Acupuncture works. If you expect it to.

Acupuncture works. If you expect it to.

I like antibiotics. They kill of the bacteria infecting my patients.  It doesn’t matter what the patient thinks about the effectiveness of the antibiotics.  They just work.  Having a practice based almost entirely in acute care medicine, most of the interventions have effect (or not) independently of patient belief concerning the interventions.

Not so with acupunctures. As I have said many times, acupuncture doesn’t work i.e. alter any underlying physiologic process. But that doesn’t mean that the innumerable forms of acupuncture don’t have an effect. They do.

 

I have mentioned in other entries the importance of expectation in acupunctures effect. Believing does make it so is an example. The more patients thought acupunctures would have an effect, the greater the response. If the patients were unenthusiastic about acupunctures efficacy, nothing happened.

There is a paper in the Clinical Journal of Pain, Psychological Covariates of Longitudinal Changes in Back-related Disability in Patients Undergoing Acupuncture that carries on that theme.

They note

Indeed, acupuncture can be conceptualized as a complex intervention in which changes in patients’ health are produced not only by needling but also by more psychosocial factors such as empathic therapeutic relationships and holistic consultations in which discussions of lifestyle and self-care can trigger changes in how patients think and feel about their symptoms and their ability to manage them.

But ask what are the psycho-social factors that lead to success or failure of acupuncture for low back pain?

They had 485 patients from 83 acupuncturists before starting acupuncture for back pain who took several questionnaires over the 6 months of their acupuncture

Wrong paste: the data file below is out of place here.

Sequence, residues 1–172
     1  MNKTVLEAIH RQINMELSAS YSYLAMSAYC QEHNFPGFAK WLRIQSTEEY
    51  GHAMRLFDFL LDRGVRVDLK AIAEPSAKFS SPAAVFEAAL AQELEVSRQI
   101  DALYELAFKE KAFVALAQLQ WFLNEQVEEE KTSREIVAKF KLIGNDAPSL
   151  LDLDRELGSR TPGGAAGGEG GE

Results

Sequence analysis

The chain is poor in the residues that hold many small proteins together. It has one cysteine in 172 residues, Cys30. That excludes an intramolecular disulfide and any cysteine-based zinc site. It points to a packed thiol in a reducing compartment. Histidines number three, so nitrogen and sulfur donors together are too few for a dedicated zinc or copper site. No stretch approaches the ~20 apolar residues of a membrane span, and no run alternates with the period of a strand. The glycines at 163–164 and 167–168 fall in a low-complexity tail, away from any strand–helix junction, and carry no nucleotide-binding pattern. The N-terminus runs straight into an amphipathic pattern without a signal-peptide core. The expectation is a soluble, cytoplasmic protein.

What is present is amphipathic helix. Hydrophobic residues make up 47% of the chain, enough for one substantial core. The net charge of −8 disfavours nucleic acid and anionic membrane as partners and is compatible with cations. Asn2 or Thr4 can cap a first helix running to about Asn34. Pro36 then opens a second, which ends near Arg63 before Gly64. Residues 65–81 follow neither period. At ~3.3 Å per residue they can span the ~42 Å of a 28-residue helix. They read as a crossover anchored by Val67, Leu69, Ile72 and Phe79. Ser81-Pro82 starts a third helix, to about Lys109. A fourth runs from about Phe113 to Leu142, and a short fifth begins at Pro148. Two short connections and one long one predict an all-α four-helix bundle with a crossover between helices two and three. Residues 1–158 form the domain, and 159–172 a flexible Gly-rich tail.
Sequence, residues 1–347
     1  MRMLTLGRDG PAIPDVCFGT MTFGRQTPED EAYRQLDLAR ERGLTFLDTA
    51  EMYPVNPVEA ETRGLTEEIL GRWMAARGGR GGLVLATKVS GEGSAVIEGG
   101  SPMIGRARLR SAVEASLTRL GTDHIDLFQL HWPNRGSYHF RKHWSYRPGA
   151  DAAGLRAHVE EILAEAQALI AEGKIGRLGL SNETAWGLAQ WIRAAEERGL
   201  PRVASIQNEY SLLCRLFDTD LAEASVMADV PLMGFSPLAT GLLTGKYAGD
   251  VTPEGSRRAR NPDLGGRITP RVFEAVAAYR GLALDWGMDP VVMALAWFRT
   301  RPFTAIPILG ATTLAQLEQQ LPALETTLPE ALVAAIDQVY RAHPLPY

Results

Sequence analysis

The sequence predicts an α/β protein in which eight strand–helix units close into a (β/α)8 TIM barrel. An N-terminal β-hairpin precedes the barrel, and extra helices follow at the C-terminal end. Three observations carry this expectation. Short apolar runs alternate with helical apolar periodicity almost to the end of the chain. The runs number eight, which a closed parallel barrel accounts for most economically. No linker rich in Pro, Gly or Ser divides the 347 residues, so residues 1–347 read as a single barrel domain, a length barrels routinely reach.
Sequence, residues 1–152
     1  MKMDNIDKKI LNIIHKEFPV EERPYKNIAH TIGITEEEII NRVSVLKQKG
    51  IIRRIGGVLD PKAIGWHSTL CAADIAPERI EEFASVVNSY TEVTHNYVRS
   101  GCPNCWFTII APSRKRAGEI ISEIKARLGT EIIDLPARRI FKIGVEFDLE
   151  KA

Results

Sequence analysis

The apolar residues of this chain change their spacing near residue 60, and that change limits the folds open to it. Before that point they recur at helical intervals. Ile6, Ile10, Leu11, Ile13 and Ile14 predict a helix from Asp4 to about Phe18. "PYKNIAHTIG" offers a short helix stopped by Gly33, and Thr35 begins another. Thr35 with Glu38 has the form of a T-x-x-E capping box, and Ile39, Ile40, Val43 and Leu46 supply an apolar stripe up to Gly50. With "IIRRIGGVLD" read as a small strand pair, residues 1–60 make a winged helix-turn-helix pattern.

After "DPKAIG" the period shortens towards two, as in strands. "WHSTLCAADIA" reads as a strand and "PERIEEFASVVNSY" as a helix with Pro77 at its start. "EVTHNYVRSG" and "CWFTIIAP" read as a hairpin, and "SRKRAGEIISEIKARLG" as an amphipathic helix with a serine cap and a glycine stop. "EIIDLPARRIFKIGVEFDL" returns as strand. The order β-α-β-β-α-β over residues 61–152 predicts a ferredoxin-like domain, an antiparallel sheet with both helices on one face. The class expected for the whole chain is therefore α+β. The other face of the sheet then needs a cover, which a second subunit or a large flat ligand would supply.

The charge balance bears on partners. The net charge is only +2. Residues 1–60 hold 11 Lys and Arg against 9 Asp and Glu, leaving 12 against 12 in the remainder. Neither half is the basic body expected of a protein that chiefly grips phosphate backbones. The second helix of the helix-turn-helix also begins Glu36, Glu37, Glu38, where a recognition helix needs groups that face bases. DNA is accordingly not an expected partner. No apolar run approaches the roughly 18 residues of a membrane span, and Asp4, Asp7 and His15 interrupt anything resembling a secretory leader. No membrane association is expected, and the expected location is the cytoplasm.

Interstingly, among other findings,

“People who started out with very low expectations of acupuncture – who thought it probably would not help them – were more likely to report less benefit as treatment went on.

As is often the case with the response to pseudo-medicines, rather than concluding that since the effects of acupuncture are an elaborate ritual with no intrinsic value betond placebo, perhaps it should be abandoned as useless at best and unethical at worst, they suggest teaching acupuncturists to be better at their elaborate ritual:

Dr Bishop added that to improve the effectiveness of treatment, acupuncturists should consider helping patients to think more positively about their back pain as part of their consultations…his understanding could lead in the future to better targeting of acupuncture and related therapies in order to maximise patient benefit.”

Why not keep the power of positive thinking but attach it to reality-based interventions instead of selling patients the TCM equivalent of supplements?

But researchers in pseudo-medicines are never looking to apply negative results to patient care. 

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